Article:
Ken Griffiths (Wings Hauser) and his wife Cheri (Kimberly Beck, Massacre at Central High) are traveling across the highways of America via recreational vehicle — which as I’m obsessed with RV horror I already know is a bad idea — when they pick up ex-cop hitchhiker Reilly (Bo Hopkins), which also seems like a bad idea but it isn’t. What is the most horrible of all ideas is when they pull into Canyonland, Utah, a place where a mysterious albino — but come on, it’s John Carpenter, right? — played by Brion James is working with shadowy government troops and black helicopters to test a bioweapon on the small town, turning everyone there into zombies. Everyone but Ken and Reilly, who have only had beer to drink, and Sheriff Hanks (George Kennedy) — who claims to have not had water in years — and his daughter Deputy Julia (Kimberly Ross, Pumpkinhead) must stay alive as long as they can as the zombies attack the town.
Except that at some point, Hauser disappears and this becomes all about Bo Hopkins on a vision quest in the desert like a Western, hunting down the albino scientist and his men, as well as a lengthy helicopter chase.
Hauser may have not been in the film for an extended period because of his off-set problems. I’ve heard a story that his brother came to visit his motel room and Wings slammed his brother’s head through a wall, which got him arrested and Mastorakis had to pay his bail.
Yet Nico Mastorakis really can’t make a boring movie. This starts with late 80s computer graphics, a synth Hans Zimmer score and great scenery, plus it has a mini-reunion of the stars of Mutant. Actually, it’s very close to that movie to the point that it could be a parallel reality version of the last movie of Film Ventures International.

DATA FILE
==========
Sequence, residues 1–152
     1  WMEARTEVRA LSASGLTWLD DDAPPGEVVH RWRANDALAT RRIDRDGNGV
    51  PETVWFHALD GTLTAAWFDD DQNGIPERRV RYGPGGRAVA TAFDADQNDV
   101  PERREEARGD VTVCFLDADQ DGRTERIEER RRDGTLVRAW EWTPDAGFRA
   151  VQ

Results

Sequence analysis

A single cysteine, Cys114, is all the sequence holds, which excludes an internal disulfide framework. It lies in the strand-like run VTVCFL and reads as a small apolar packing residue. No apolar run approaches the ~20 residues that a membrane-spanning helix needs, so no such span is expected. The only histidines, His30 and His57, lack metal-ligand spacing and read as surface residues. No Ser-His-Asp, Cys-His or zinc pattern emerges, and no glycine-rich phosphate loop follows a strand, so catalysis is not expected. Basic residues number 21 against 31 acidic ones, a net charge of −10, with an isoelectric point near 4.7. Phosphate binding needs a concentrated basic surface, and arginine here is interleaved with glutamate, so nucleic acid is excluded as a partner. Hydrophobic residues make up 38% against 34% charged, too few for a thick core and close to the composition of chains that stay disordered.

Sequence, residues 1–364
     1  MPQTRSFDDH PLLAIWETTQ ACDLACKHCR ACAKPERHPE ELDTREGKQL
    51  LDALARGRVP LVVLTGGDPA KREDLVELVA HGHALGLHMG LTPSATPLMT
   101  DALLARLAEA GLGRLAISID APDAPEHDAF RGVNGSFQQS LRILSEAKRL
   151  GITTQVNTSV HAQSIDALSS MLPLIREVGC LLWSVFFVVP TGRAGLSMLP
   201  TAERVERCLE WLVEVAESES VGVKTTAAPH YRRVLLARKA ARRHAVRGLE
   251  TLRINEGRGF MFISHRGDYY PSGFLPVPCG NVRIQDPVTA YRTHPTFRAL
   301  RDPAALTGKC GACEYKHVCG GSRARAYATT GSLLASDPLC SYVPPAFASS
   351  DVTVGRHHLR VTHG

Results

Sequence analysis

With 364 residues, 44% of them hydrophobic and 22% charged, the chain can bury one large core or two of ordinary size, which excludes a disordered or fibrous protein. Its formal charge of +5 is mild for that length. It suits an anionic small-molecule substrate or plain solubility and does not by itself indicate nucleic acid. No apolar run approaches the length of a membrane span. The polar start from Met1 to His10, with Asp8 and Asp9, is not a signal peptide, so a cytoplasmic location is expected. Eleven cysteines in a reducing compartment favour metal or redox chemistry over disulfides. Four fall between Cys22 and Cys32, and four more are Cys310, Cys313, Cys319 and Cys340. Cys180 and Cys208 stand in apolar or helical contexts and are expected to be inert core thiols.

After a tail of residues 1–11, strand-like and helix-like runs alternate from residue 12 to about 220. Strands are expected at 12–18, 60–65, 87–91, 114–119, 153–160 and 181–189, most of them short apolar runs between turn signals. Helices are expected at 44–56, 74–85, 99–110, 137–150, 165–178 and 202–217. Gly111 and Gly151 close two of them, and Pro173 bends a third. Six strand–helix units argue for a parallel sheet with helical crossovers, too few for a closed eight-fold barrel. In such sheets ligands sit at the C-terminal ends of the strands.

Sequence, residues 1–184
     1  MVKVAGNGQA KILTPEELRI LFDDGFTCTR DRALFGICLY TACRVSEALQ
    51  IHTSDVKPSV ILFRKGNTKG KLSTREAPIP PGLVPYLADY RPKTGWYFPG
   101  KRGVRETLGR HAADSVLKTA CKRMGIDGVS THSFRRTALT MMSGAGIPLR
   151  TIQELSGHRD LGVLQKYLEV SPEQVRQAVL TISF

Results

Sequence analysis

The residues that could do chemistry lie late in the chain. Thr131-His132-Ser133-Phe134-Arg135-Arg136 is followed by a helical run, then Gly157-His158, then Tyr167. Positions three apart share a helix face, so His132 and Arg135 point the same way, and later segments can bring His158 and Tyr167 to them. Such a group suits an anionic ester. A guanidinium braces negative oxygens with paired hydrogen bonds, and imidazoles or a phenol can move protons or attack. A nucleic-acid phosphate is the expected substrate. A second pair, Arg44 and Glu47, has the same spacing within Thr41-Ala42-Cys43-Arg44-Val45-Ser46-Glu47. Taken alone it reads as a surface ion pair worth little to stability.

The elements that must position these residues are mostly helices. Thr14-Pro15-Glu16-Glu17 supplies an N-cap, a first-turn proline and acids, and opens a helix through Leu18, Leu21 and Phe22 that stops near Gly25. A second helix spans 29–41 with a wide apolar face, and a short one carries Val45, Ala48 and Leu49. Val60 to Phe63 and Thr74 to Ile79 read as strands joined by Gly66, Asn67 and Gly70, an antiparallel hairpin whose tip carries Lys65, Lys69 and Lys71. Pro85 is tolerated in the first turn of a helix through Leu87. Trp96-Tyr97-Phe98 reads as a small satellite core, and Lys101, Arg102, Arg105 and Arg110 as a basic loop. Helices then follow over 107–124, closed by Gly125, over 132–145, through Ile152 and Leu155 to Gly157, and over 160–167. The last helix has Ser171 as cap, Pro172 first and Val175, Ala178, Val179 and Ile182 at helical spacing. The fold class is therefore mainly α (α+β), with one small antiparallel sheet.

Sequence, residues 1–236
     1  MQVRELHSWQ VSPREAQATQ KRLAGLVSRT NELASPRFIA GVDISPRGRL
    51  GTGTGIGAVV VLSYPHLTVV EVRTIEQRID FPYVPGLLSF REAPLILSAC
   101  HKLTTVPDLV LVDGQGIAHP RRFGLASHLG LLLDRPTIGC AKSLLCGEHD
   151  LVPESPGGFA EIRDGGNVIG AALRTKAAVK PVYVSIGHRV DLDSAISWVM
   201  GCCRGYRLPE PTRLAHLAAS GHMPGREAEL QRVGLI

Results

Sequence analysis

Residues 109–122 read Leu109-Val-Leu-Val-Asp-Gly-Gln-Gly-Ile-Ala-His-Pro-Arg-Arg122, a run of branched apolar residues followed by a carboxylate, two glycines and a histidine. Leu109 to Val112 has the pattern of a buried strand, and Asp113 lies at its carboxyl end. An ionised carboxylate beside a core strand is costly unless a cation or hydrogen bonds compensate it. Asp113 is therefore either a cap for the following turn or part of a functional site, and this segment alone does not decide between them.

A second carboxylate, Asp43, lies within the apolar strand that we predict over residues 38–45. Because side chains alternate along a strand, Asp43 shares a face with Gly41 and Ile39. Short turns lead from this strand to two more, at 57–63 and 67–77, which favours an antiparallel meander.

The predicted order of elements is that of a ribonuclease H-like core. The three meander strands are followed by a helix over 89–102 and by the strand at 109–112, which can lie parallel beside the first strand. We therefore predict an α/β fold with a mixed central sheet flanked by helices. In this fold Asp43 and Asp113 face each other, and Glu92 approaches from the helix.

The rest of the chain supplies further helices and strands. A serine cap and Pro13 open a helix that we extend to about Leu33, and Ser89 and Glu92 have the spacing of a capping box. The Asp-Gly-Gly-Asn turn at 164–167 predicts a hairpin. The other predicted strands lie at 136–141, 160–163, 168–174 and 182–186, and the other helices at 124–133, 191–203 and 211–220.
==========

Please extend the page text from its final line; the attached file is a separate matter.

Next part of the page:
This is also the wet dream of Q-Anon lovers, as the albino and his black vans, helicopters and APE (Agency for the Protection of the Environment) henchmen all exist to destroy small town America. They’re probably making homosexual frogs, too.
The other title for this, Death Street USA, is better than what they used.
The Arrow Video blu ray of Nightmare at Noon has a new restoration from the original negative; a making of featurettewith commentary by Mastorakis; gehind-the-scenes footage; on-set interviews with actors Hauser, Hopkins, Beck, Kennedy and James; the trailer, an image gallery with the score from Stanley Myers and Hans Zimmer; a reversible sleeve featuring original and newly commissioned artwork by Graham Humphreys and an illustrated collector’s booklet featuring new writing on the film by Johnny Mains. You order it from MVD.